Daniela Cataldo recalls the joy she experienced during her first pregnancy, a baby boy that would be named Piero. That joy quickly turned into worry when Cataldo went into early labor at 27 weeks gestation.
Weighing only 2.9 pounds, the baby boy was intubated to help his developing lungs receive oxygen. Piero spent three months in a Miami hospital’s neonatal intensive care unit where doctors were unsuccessful at removing the breathing tube once his lungs matured.
"I remember they tried to do it about ten times. Something just didn’t seem right," recalls Cataldo. The doctors suggested that Piero would need a tracheostomy, an operative procedure to create an airway or place a breathing tube in the trachea, but Ms. Cataldo wanted to explore other options first.
Piero was transferred to Nicklaus Children’s Hospital, a referral center for some of the most critically-ill infants in the state with a Level III and II NICU
, to undergo specialized care and evaluation.
Dr. Yamilet Tirado
, Pediatric Otolaryngologist
at Nicklaus Children’s, was among a team of pediatric subspecialists that cared for Piero. After a slew of imaging tests, Dr. Tirado discovered Piero had subglottic stenosis, a condition in which scar tissue or trauma causes a narrowing, and sometimes an obstruction, in the windpipe that inhibits airflow.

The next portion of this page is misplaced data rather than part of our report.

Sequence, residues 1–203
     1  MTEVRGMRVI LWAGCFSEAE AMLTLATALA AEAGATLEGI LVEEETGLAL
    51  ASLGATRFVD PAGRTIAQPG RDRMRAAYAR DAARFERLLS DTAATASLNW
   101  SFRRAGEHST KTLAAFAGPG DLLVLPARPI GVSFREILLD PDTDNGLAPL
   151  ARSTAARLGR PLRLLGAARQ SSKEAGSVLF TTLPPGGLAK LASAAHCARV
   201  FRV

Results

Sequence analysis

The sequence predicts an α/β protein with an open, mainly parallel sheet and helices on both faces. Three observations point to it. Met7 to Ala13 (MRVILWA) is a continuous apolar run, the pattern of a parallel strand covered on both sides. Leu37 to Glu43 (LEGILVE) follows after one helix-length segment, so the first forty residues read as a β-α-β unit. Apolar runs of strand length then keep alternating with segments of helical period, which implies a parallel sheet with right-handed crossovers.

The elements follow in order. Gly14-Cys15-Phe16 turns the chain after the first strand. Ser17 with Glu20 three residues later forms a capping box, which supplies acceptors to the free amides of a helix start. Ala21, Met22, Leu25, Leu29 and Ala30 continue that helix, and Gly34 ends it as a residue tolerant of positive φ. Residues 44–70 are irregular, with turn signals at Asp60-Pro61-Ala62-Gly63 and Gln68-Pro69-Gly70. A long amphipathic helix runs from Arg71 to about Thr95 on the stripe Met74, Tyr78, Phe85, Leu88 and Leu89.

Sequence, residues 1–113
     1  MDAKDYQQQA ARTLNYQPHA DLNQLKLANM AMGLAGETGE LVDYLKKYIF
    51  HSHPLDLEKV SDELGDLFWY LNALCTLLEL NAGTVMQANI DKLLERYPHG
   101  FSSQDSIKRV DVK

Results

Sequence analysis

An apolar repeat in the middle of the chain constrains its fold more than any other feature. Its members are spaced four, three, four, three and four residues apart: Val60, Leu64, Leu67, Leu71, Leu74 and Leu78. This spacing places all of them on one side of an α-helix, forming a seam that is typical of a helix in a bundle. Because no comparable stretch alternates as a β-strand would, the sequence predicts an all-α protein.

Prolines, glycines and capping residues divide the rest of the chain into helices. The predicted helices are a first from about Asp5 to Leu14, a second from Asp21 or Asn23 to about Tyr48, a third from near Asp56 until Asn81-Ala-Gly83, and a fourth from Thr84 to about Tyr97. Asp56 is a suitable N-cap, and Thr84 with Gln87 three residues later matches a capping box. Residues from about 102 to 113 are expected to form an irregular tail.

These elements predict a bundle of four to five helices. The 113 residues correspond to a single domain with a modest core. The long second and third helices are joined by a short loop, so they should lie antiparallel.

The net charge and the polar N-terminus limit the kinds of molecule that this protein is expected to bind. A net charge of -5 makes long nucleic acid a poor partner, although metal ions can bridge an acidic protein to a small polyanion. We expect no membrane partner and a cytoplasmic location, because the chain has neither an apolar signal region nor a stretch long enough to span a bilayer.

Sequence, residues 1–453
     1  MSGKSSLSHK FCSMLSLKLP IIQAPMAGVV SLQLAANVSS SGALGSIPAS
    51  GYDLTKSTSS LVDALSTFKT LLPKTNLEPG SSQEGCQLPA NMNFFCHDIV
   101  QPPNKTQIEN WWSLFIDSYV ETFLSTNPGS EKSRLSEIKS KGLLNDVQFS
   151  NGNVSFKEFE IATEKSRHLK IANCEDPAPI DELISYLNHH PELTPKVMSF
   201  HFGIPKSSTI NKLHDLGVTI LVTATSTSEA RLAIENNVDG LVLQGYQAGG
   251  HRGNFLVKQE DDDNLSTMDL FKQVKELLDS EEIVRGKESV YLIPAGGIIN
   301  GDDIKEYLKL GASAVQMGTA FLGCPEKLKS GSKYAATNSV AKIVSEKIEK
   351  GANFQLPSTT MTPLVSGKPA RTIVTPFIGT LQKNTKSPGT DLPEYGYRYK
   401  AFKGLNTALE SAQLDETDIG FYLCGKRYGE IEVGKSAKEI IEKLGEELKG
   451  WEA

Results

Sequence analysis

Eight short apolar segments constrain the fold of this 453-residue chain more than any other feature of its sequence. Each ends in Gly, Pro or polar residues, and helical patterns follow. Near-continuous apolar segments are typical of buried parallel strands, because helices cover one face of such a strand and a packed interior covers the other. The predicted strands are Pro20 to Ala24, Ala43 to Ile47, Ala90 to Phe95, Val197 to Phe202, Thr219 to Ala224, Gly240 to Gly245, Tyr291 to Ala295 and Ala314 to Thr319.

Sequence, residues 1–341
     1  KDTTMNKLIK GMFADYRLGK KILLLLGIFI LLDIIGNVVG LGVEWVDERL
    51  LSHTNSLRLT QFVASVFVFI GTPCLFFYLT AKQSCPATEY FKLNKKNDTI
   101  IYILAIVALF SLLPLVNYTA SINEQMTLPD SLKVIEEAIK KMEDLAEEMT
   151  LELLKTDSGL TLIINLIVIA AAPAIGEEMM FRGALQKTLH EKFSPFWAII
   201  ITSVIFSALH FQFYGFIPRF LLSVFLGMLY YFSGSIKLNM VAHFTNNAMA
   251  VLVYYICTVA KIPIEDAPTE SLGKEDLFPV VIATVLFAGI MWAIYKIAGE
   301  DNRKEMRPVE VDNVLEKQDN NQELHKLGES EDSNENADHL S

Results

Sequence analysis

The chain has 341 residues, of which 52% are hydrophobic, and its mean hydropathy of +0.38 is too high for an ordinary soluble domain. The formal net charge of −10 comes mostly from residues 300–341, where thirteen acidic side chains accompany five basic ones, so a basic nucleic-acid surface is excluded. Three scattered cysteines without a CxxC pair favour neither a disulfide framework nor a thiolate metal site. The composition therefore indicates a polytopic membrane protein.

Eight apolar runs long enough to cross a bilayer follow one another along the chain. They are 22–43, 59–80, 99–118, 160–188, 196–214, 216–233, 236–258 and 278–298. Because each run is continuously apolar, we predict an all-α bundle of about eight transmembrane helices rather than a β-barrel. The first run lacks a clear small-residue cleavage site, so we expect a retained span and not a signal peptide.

A typical course of treatment for patients with subglottic stenosis is a tracheostomy but Dr. Tirado, who has experience performing tracheal reconstruction surgery, saw the potential in Piero’s case to create larger opening in his airway using a graft from his thyroid cartilage.
“Our goal is to provide the best possible outcome for our patients and in Piero’s case this surgical option provided the potential for a life free of medical limitations and machines, said Dr. Tirado.
A week after surgery, Piero was breathing on his own and was slowly being weaned off medications.
Today, Piero is growing to be a rambunctious, loving little boy.
"I am forever grateful to Dr. Tirado and her team for all they did for Piero. To see him breathing on his own and living life as a toddler should at this age is the best gift a mother can receive," she said.